Yahoo Just Announced A Massive Flickr Redesign, Here's What It Means

It's been a busy day for Yahoo CEO Marissa Mayer. First, she announced the $1.1 billion acquisition of Tumblr, a microblogging site which could give Yahoo the extra youthful punch it needs to boost revenue. Then, at 5 p.m. EST, she announced the company's newest investments in New York City and a complete redesign of the company's photo hosting site, Flickr.

What Happened

Flickr will now host, and display, high-resolution images on its completely redesigned website, which displays all photos in a grid layout and makes sharing photos easier. The company also announced the launch of its new Android app, matching its capability with a recently updated iOS counterpart. Perhaps more significant, however, is the fact the company will give each user one free terabyte of storage to host their photos.

All of this, of course, is immediately available to Flickr users.

Yahoo bought Flickr for $35 million in 2005, though the company's management of the photo-hosting website has been the point of criticism for some time. This, obviously, is Mayer's response to those criticisms.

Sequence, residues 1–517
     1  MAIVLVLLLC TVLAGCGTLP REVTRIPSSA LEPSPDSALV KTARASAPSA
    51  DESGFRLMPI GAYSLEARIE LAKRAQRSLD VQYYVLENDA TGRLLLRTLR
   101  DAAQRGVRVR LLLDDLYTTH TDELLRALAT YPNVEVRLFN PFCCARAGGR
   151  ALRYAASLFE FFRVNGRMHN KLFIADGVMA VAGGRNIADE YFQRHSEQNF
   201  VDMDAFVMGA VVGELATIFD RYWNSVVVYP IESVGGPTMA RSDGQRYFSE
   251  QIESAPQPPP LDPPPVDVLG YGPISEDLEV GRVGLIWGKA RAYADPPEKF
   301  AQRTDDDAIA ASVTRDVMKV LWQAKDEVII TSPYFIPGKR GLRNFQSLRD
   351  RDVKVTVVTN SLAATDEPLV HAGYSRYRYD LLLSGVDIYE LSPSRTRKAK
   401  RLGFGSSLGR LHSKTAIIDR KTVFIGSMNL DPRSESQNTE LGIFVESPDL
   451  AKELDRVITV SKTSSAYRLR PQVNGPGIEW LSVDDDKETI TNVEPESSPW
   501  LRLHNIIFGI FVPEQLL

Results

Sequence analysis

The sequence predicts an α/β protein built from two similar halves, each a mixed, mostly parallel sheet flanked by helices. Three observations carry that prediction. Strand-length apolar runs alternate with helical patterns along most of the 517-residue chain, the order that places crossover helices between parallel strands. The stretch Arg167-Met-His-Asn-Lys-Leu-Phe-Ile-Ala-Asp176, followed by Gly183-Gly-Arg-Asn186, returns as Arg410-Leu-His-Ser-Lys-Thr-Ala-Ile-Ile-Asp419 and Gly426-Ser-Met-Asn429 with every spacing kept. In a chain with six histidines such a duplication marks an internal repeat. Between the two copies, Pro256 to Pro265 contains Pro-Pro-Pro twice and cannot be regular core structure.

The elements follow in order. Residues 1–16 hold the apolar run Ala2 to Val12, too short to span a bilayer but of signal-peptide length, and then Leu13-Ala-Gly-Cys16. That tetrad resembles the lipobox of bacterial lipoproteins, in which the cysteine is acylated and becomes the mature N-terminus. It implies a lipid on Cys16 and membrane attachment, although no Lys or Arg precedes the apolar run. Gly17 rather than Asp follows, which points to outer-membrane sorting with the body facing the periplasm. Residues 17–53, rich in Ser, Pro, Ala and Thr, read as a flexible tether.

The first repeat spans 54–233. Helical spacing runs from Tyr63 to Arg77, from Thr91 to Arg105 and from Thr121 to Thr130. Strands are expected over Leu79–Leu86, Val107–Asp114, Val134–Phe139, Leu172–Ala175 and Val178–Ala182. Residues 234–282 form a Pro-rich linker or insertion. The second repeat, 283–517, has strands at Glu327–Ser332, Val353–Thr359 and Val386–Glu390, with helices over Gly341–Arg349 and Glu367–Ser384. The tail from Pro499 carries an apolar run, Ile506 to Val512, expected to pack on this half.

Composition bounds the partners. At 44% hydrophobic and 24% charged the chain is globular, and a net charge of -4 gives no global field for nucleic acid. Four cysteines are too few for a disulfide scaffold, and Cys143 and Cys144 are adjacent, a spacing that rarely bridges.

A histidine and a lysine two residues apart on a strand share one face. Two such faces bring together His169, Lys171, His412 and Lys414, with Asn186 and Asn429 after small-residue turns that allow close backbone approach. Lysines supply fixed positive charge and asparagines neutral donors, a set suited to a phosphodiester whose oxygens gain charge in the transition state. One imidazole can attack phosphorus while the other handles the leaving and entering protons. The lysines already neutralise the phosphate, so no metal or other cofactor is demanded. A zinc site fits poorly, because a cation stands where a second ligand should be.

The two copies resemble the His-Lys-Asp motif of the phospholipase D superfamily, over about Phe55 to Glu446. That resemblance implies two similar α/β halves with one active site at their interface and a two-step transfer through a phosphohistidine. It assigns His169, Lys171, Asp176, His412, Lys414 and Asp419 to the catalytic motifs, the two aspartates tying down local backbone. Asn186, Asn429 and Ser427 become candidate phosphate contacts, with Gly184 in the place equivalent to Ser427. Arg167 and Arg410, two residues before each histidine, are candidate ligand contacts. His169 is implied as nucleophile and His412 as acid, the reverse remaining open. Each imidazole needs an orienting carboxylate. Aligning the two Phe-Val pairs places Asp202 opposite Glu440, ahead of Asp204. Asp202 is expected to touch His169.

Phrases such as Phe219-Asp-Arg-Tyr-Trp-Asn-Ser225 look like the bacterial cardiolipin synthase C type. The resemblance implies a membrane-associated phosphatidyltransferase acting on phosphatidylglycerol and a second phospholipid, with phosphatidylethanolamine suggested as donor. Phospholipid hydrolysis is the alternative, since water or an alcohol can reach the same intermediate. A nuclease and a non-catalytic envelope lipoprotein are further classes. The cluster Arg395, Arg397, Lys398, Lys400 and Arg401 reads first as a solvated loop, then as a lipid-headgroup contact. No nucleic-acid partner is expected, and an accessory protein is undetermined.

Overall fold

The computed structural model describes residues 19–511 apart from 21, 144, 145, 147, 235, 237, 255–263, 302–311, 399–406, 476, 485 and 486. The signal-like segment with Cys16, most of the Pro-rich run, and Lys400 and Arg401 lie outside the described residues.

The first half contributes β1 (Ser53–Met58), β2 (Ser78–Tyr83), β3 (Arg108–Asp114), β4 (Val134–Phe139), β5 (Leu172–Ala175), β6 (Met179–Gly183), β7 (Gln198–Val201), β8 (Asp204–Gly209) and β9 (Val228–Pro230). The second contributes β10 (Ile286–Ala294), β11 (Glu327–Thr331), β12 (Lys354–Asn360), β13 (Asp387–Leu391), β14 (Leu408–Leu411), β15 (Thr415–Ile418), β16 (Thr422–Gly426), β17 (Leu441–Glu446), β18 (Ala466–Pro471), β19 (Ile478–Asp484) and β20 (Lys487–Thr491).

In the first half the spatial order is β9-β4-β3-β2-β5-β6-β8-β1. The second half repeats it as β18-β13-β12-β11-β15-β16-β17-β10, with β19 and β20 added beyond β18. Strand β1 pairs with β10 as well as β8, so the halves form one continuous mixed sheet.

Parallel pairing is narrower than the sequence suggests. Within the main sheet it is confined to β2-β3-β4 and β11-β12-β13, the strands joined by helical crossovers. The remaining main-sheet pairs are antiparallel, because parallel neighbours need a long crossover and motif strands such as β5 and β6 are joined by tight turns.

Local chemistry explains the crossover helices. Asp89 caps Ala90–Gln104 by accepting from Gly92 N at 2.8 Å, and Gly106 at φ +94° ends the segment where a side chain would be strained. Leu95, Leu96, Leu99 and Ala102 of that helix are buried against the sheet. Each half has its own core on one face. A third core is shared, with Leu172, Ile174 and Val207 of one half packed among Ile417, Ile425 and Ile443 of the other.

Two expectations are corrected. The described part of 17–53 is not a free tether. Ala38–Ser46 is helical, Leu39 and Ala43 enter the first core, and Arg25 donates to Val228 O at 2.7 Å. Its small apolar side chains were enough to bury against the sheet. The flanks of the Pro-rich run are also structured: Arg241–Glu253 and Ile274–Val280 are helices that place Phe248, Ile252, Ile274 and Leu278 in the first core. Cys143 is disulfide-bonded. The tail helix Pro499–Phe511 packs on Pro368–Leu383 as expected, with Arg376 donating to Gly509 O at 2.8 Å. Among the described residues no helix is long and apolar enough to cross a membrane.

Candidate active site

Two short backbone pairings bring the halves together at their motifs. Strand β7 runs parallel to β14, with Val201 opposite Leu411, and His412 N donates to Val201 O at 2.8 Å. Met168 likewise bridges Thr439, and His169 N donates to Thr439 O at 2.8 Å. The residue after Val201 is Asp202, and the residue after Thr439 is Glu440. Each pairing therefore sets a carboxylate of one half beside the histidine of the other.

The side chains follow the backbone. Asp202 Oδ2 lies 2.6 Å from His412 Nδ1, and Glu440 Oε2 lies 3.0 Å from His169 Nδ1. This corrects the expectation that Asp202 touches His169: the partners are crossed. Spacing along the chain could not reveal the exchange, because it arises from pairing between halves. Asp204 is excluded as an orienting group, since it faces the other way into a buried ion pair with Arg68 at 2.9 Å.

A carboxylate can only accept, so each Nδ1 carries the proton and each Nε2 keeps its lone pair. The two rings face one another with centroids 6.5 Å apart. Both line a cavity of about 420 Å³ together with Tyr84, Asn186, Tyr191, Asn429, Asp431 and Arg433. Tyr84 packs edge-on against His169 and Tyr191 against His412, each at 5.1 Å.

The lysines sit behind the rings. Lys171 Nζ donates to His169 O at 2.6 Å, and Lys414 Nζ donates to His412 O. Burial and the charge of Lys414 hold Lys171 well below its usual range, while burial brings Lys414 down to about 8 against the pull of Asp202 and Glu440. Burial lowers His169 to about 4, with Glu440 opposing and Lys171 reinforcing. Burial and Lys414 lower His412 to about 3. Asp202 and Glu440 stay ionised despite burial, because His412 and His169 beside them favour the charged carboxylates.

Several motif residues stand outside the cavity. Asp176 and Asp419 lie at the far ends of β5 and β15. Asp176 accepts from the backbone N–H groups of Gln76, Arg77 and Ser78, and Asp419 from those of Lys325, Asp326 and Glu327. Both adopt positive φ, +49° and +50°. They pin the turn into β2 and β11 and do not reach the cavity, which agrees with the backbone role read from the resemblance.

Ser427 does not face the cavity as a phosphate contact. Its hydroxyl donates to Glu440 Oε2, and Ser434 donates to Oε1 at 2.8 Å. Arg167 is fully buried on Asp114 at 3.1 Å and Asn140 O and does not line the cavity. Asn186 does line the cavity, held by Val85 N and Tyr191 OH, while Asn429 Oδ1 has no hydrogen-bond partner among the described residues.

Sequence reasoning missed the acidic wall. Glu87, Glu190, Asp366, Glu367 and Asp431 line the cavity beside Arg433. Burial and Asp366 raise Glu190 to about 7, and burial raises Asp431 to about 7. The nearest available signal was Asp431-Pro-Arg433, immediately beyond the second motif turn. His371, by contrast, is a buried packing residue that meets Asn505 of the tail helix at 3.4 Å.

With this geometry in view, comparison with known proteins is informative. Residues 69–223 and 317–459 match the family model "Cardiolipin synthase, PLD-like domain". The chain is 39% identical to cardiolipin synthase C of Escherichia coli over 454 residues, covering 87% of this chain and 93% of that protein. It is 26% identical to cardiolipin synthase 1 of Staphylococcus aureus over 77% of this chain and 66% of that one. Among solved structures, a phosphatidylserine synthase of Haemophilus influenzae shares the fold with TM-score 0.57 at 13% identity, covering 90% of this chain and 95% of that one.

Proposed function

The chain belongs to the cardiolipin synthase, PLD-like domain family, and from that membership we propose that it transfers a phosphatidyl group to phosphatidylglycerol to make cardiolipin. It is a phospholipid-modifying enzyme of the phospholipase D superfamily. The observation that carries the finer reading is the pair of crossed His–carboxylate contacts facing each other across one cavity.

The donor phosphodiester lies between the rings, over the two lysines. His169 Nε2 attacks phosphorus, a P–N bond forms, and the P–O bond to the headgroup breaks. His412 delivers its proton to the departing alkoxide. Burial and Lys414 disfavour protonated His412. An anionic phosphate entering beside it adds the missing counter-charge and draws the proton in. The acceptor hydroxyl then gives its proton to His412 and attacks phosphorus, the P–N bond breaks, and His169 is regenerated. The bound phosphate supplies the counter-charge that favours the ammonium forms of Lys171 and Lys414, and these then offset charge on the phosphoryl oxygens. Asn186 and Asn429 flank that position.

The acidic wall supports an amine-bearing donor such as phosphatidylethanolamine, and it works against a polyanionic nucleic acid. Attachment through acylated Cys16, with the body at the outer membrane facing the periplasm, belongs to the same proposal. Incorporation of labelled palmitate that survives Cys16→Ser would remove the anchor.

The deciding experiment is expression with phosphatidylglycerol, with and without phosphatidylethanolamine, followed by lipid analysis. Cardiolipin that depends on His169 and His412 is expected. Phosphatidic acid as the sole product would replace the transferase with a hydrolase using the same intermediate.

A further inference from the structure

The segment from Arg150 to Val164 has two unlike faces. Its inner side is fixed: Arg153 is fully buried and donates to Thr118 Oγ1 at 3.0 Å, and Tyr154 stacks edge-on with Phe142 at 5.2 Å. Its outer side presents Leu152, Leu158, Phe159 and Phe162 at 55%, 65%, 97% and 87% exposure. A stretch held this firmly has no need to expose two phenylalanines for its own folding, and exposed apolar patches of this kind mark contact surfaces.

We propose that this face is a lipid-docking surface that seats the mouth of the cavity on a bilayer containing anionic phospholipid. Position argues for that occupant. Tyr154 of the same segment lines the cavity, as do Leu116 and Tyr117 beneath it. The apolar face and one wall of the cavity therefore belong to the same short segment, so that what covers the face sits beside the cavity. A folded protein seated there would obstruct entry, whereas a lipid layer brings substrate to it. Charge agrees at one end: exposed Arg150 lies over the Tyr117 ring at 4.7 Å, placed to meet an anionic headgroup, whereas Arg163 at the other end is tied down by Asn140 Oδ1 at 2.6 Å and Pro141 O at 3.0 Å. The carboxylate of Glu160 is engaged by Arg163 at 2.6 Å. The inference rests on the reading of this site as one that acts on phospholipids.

But Mayer also announced that Yahoo will open a new New York City office, which will host all 500 of the city's employees, save for Tumblr. The office, formerly belonging to The New York Times, also has room to hold another 200 employees.

What it means.

Today's plethora of Yahoo announcements suggests a new company which recognizes its biggest challenge today - getting reliable pageviews on its products - and is racing to address that challenge by grabbing a dedicated base of 18 to 24-year-olds from Tumblr and offering professional and amateur photographs a striking deal. It's also a direct shot at Facebook, Instagram and Google and the photo offerings made by those companies. Yahoo's Flickr could quickly retake its spot as the go-spot for photo hosting and storage.

It also means that Mayer, Yahoo's most effective CEO in years, may have made the company relevant once again. For a company which went through four CEOs in five years and laid off 2,000 employees in early 2012, that is no small task. Her management has also helped the company's stock rise from a meager $15 in May 2012 (Mayer's Yahoo tenure began in July 2012) to $26 today, matching Facebook's current stock value.

That may reinforce Mayer's vision for the company. Now with centralized office buildings on both sides of the continent, Yahoo can effectively run a rapidly changing company out of two of the biggest tech hubs in North America.

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